the male Mandarin


Monday, 31 August 2015

Little again

After Fornebu having given the impression of an improvement in affairs at the end of last week it was disappointing this morning to find a distinct decline in the number of birds. Despite it being warm and there being a number of insects there were very few insect eaters and Willow Warblers failed to make it into double figures. Four Redstarts though was a good count and I cannot remember ever having seen so many and so regularly here.

An hour and a half around noon in Maridalen revealed quite a few raptors. A Merlin and a Kestrel flew very purposefully south and at least 7 Sparrowhawks were thermalling or hunting around the valley and were probably local birds which was confirmed for one at least as a photo I took showed it to have been ringed in the nest in the Oslo area this summer. Of larger raptors I had 2 Honey Buzzards, a single Buzzard and an Osprey that flew north into the forest with a fish which may mean that it still has young in the nest.
1cy Sparrowhawk (spurvehauk) with colour ring. Another bird ringed in the nest this summer in Oslo has already made it to the west coast of Norway
the days Merlin (dvergfalk)
a resting Grey Heron. All the blacks spots in the picture are midges and not my mucky lens

juvenile male Redstart (rødstjert)

Spotted Flycatcher (gråfluesnapper)

juvenile Starling (stær) coming into adult winter plumage

13 Lapwings at Fornebu included many youngsters. One can hope they came from Maridalen

Friday, 28 August 2015

A distinct improvement

I braved Fornebu again today this time in sunny conditions and was rewarded by a nice selection of scarce birds. I don’t think any new birds had arrived and indeed most of the Yellow Wagtails had moved on but the warm weather and increased insect activity just made the birds more visible as they fed out in the open.

Pretty much the first bird I saw was a Wryneck which was sunning itself in the dead bush normally favoured by a Red-backed Shrike and later in the morning the Wryneck had been substituted and a shrike was in the same place. Tw of my all-time favourite birds in the same bush means the birding day has been a success. In the same small area were 3 Redstarts, 4 Spotted Flycatchers and 4 species of warblers so it felt very good and spurred me to check the rest of Fornebu with high hopes only to find out that the small area held nearly all the birds there were to find!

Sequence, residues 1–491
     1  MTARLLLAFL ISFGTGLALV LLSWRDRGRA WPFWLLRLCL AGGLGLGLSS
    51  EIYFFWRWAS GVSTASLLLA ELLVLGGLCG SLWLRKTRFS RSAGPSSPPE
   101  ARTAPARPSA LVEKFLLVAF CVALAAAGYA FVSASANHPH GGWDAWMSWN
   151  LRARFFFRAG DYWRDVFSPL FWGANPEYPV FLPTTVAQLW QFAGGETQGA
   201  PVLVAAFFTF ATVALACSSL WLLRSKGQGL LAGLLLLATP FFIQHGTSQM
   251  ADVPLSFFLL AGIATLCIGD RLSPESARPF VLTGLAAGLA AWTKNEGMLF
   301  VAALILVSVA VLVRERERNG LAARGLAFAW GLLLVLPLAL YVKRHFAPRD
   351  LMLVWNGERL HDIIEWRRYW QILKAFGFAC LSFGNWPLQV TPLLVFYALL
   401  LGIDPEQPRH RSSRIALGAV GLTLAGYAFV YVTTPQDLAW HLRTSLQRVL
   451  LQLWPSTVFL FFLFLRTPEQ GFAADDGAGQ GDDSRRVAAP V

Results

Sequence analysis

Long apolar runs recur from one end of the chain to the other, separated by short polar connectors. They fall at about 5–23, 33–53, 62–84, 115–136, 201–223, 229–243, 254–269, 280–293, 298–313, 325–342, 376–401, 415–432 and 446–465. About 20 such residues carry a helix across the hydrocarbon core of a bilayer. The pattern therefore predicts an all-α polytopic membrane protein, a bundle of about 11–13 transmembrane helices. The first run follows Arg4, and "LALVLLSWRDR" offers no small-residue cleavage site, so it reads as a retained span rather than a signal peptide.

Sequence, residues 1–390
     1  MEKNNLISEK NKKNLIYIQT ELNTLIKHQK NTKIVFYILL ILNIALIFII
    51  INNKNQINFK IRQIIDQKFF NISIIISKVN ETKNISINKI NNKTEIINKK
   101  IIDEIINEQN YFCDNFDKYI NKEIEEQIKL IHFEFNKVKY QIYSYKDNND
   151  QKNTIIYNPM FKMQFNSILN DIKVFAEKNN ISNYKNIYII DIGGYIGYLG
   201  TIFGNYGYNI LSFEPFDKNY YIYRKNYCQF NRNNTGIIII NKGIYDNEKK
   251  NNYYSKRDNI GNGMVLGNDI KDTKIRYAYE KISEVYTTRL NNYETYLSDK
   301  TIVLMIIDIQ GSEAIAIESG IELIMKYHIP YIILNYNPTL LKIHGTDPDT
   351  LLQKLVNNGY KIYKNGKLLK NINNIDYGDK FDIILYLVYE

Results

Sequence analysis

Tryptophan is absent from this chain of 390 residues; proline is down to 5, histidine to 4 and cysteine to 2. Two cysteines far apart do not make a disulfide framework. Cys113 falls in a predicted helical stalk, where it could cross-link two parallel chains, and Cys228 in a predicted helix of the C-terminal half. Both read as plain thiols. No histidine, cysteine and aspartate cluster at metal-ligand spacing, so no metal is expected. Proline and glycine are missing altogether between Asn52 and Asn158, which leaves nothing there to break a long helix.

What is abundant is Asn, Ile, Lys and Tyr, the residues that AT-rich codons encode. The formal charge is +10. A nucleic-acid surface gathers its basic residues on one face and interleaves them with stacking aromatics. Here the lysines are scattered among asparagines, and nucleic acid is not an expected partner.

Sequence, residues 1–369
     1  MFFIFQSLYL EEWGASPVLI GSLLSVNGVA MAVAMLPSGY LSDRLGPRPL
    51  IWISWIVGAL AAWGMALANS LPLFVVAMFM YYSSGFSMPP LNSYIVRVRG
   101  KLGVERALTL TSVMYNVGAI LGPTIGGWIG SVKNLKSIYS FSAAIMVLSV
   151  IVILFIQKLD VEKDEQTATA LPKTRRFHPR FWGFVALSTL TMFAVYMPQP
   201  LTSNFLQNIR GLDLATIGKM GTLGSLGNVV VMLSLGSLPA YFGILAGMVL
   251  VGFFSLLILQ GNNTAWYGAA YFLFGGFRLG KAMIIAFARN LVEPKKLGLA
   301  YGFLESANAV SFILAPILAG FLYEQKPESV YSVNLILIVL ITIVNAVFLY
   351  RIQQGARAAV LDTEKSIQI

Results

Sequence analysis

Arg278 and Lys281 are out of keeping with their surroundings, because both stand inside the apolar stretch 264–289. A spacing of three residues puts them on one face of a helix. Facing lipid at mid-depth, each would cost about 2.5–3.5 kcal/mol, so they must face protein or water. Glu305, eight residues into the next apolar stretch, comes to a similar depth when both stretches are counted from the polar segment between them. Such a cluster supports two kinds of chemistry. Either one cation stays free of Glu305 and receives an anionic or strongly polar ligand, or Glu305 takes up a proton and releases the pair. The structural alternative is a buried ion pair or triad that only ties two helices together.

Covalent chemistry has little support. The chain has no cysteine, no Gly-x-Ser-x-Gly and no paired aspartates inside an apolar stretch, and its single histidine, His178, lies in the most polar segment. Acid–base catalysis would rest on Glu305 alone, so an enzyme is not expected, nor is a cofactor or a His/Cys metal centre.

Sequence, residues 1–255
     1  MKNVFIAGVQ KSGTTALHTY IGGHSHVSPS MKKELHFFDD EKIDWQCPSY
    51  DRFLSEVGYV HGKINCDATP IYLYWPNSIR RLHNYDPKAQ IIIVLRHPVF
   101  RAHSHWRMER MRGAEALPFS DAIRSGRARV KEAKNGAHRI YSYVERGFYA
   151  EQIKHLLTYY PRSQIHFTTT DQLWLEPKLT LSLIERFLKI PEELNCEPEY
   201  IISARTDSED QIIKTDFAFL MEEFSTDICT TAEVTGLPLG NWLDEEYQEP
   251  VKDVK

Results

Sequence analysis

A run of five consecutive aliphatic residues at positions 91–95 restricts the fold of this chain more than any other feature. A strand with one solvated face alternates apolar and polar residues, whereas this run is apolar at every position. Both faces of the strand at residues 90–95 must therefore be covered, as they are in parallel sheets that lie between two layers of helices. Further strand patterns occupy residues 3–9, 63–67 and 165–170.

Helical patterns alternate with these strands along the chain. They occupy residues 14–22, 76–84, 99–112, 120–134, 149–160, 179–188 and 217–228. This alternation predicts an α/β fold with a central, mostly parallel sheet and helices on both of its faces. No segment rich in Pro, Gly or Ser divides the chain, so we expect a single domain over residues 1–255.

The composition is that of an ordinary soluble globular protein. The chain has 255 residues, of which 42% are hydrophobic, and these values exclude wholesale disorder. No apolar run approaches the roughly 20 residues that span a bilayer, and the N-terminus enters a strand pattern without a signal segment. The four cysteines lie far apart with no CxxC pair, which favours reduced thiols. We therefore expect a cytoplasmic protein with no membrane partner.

On the water in Storøykilen I saw the Little Grebe that has been present for a week or so and in the reeds I heard the Water Rails calling so tried to see them. I settled down in a good place and waited. I had two birds (possibly three) calling very close by but only managed to see one bird. It was actually quite close but the encounter was so brief that I just managed a blurred photo.

A short stop in Maridalen gave me just a single raptor but it was a new one for the autumn namely a Kestrel.
Wryneck (vendehals) with a curious Willow Warbler (løvsanger)


Red-backed Shrike (tornskate)

same shrike

Reed Warbler (rørsanger). note long primary projection and weak supercilium compared to the Blyth's Reed from Maridalen

my first migrant Chiffchaff (gransanger) of the autumn. Note the short primary projection compared with the Willow Warblers I have photo'ed recently. This bird also pumped its tail a lot which is a good Chiffchaff character and first drew my attention to it

a blurred Water Rail (vannrikse)

Wheatear (steinskvett)

very distant Little Grebe (dvergdykker)

Three Greenshanks (gluttsnipe)

yet another caterpillar of Bedstraw Hawk Moth (hyles gallii) (mauresvermer). Note the ant hitching a lift

My first Kestrel of the autumn in Maridalen with three Swallows mobbing it

a load of bull in Storøykilen